Google tries to guess at what kind of visual aid best fits your data. If a scatter chart is not coming up, then it is because Google doesn’t know why you want this chart. You can always click through and override their data suggestions.
- You just made your first Scatter Chart with data using Google Sheets!
Want to customize how your scatter chart data looks? We’ll get into that shortly.
How Do You Read a Scatter Diagram?
You read a scatter chart data by looking at the collective distribution of the points. From there, you will want to see if the data is correlated (is there actually a relationship between the two data sets?). If so, what direction is it, and can we interpolate or extrapolate from it?
How Can You Tell if a Scatter Plot is Negative or Positive?
The terms negative and positive refer to the correlation between the data sets.
Positive correlation means as one value goes up, the other value goes up in your scatter chart. Think about our ice cream example – the hotter it is, we expect more ice cream sales. This is positive correlation.
In a scatter plot, positive correlation traditionally means that the graph goes from LOWER LEFT to UPPER RIGHT. You can also see positive correlation from a POSITIVE slop to your trend line.
It is possible to be FOOLED by graphs with an inverted X-axis or negative X values. Make sure you learn the definition, not the visual rule of thumb.
On the flip side, negative correlation is when one number goes up, the other goes down in the scatter chart. Let’s change out ice cream for snow jackets. If temperature goes up, snow jacket sales should go down – this is negative correlation.
In a scatter plot negative correlation traditionally means that the graph goes from UPPER LEFT to LOWER RIGHT. You can also see positive correlation from a NEGATIVE slop to your trend line.
Reminder: negative means one value goes up the other goes down on scatter charts, so it is possible to be FOOLED by graphs with an inverted X-axis or negative X values.
Need a concrete example of positive and negative correlation? Check out the sample google sheets spreadsheet and graphs where I have provided both as their own data sets and scatter plots for you.
Add a Trendline to a Scatter Plot
Now, you could calculate a trendline by hand but the whole point of spreadsheet programs is to help do this for us. Here’s how to add a trendline to a Scatter Chart in Google Sheets.
- Edit the Chart
- Click on the three dots in the upper right and select Edit
- Go to Customize
- Go to Series and check “Add Trendline”
- Scroll down and check R2
- This is your correlation coefficient which tells how you well your line fits and what direction the correlation goes (positive or negative)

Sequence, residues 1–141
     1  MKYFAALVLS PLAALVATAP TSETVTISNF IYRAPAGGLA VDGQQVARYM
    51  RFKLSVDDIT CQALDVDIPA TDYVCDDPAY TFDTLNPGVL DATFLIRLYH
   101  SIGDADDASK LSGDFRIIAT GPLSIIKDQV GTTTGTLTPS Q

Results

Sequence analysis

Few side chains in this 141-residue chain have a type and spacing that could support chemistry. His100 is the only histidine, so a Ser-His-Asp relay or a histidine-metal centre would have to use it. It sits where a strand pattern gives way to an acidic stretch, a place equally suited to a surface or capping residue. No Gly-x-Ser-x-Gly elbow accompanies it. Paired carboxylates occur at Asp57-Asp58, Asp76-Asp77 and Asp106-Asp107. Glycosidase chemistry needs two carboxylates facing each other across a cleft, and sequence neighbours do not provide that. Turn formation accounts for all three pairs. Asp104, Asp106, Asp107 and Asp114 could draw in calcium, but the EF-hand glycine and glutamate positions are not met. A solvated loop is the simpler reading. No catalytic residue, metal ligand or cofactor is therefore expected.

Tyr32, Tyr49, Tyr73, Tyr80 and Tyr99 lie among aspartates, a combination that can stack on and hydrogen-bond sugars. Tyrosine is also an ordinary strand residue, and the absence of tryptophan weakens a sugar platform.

A trend line is a line through your graph that has the LEAST collective distance between all the points. In simple examples, this will be a LINEAR function of y = mx + b (y value = slope * x value + y intercept for those who do not remember the notation).
Now that we have a trendline we can use it to make some predictions.
What is Interpolation?
Interpolation means to predict data within the range of your data set. For example, if we cover widget production 0-100, we might have sampled at 10, 50, 52, 70, 100 but not 51. Well, 51 is within the range of data we have so we can use our best fit trendline, plugin 51 for X and get an interpolated prediction of what 51 might have been.
Interpolation is generally considered safe, as you have real world proof surrounding those data points. Just think, if 50 is a known value, why would 51 be very different when 52 is also a known value?
What is Extrapolation?
Extrapolation is when you go outside the range of your data to make a prediction. For example, if our widget production sample goes from 0-100, making a prediction for what happens at 150 would be extrapolation.
There is an inherent risk with extrapolating data, as you cannot confirm if your trend line maintains at that new range. What was linear for 0-100 might actually start looking exponential by the time you get to 150, and thus is no longer a good model for predictions.
Correlation Doesn’t Mean Causation
With the discussion of correlation, we can’t skip the age old adage that “correlation does not imply causation.” Just for fun, I wanted to share this website that has some humorous examples of things that are strongly correlated but are absurdly unrelated and have no causation.